Refuah Health Center has committed to investing $1.2 million in enhancing its cybersecurity measures and will also pay $450,000 in penalties and costs. This move comes as part of an agreement with the New York Attorney General Letitia James, resolving allegations against the health center.
The allegations claimed that Refuah Health Center had not maintained adequate cybersecurity controls. This lapse led to the Refuah data breach, which compromised sensitive patient details stored on its network.
This agreement marks a significant step towards ensuring the protection and privacy of patient information, especially at a time when the healthcare sector is experiencing a rise in cyberattacks.
Decoding the Refuah Data Breach
Following notification of a ransomware attack in May 2021 that compromised the protected health information of 260,740 people, including 175,077 New Yorkers, the NY AG opened an investigation into Refuah Health Center.
In late May 2021, a ransomware group managed to get access to internal systems. First, it compromised a system that was used to watch videos from internal cameras that were keeping an eye on the company’s facilities. The only security measure for that system was a four-digit authentication PIN.
The hackers gained remote access to the network by stealing administrator credentials used by a former IT vendor. Despite the fact that the IT provider had not used the credentials for seven years, they had not been disabled or altered in eleven years.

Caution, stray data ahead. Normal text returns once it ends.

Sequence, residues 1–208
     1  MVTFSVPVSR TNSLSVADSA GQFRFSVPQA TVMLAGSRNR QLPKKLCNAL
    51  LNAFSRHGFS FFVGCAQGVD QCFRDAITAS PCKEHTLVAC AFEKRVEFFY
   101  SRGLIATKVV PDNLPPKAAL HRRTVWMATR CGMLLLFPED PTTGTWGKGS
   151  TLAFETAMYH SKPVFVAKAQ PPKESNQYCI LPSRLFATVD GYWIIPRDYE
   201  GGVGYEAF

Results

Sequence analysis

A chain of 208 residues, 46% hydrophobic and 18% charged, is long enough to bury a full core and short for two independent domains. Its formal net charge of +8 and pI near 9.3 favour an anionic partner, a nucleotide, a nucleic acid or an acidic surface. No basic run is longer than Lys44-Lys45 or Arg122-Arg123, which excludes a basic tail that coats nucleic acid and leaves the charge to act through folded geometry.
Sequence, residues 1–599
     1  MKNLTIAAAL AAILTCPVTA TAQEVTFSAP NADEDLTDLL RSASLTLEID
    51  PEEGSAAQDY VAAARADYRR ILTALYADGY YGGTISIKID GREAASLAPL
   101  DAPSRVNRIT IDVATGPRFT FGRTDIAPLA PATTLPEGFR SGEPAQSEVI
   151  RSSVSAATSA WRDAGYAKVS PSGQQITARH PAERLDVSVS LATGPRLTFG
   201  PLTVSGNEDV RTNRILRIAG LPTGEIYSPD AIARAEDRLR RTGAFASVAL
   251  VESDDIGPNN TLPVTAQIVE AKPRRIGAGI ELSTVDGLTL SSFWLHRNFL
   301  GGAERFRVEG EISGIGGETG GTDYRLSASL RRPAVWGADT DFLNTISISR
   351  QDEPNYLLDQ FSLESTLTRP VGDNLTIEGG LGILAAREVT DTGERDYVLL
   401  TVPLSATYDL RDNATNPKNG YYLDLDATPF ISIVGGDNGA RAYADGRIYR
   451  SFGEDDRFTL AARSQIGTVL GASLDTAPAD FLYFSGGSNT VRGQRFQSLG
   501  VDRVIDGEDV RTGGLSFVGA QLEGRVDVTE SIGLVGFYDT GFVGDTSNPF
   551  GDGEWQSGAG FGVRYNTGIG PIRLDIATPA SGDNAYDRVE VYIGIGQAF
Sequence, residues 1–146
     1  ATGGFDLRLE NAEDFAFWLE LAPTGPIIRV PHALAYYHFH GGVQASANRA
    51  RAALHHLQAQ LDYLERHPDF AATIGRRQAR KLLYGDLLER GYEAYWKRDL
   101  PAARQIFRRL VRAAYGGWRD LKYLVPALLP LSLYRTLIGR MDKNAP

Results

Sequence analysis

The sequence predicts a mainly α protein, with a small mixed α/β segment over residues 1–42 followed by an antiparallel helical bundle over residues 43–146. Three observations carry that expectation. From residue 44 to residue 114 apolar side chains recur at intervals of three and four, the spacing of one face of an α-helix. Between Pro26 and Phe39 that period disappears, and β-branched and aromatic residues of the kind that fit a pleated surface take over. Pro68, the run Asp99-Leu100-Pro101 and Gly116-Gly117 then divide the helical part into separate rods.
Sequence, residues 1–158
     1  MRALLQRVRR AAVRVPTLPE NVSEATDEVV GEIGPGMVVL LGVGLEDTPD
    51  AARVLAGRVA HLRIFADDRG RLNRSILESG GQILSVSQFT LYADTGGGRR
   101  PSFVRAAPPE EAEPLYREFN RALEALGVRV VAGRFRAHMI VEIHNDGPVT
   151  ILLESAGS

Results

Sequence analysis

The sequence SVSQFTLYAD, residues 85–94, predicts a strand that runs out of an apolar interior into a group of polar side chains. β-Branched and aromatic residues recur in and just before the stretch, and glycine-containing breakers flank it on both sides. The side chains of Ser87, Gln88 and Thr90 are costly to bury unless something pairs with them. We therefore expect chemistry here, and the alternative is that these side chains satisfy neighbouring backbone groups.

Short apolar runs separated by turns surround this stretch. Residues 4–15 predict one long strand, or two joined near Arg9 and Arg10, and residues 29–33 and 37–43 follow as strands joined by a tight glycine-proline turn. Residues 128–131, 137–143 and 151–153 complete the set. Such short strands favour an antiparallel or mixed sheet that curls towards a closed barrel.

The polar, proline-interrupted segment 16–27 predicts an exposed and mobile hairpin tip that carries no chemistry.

Moreover, it was reported that there was no multifactor authentication enabled on the account. According to HIPAA Journal, the access to numerous files containing patient data that had not been encrypted at the file level was made possible by the credentials.
Lorenz Ransomware Group Claimed Attack on Refuah
The Lorenz group, believed to be behind the attack, deployed ransomware to encrypt files and exfiltrate data. The threat actor contacted Refuah with demands for an undisclosed ransom amount. They also presented evidence of the data theft, such as a list of the files that were duplicated and a screenshot showing patient information that matched a database connected to Refuah’s dentist’s office.
Although the attackers supplied a screenshot of the database showing the records of 34 patients, Refuah did not look into whether the database had been accessed. Instead, the focus of the third-party forensic investigation was on the files that were kept on the shared network space.
On March 2, 2022, Refuah finished analyzing the incident, and on April 29, 2022, it mailed notification letters to the impacted individuals. The compromised data consisted of names, addresses, phone numbers, Social Security numbers, driver’s license numbers, state identification numbers, dates of birth, bank account information, credit/debit card information, medical treatment/diagnosis information, Medicare numbers, medical record numbers, patient account numbers, and health insurance policy numbers.
The terms of the agreement with the NY AG specify that Refuah Health must allocate $1.2 million for enhancing cybersecurity, information security, data retention guidelines, and incident response protocols.
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